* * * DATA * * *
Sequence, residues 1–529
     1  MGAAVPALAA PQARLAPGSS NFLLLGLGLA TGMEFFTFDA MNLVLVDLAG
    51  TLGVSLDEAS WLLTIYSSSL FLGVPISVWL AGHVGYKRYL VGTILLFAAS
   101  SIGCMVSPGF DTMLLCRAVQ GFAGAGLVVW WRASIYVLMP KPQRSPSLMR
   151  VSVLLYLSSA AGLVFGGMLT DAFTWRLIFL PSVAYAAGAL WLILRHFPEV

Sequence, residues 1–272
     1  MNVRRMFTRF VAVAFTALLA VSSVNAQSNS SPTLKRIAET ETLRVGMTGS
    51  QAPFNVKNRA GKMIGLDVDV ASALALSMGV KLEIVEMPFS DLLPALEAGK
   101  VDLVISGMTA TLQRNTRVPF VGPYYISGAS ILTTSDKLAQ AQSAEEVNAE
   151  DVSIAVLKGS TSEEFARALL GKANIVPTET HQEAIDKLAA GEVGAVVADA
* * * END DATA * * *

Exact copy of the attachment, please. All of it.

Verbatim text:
Sequence, residues 1–529
     1  MGAAVPALAA PQARLAPGSS NFLLLGLGLA TGMEFFTFDA MNLVLVDLAG
    51  TLGVSLDEAS WLLTIYSSSL FLGVPISVWL AGHVGYKRYL VGTILLFAAS
   101  SIGCMVSPGF DTMLLCRAVQ GFAGAGLVVW WRASIYVLMP KPQRSPSLMR
   151  VSVLLYLSSA AGLVFGGMLT DAFTWRLIFL PSVAYAAGAL WLILRHFPEV

Sequence, residues 1–272
     1  MNVRRMFTRF VAVAFTALLA VSSVNAQSNS SPTLKRIAET ETLRVGMTGS
    51  QAPFNVKNRA GKMIGLDVDV ASALALSMGV KLEIVEMPFS DLLPALEAGK
   101  VDLVISGMTA TLQRNTRVPF VGPYYISGAS ILTTSDKLAQ AQSAEEVNAE
   151  DVSIAVLKGS TSEEFARALL GKANIVPTET HQEAIDKLAA GEVGAVVADA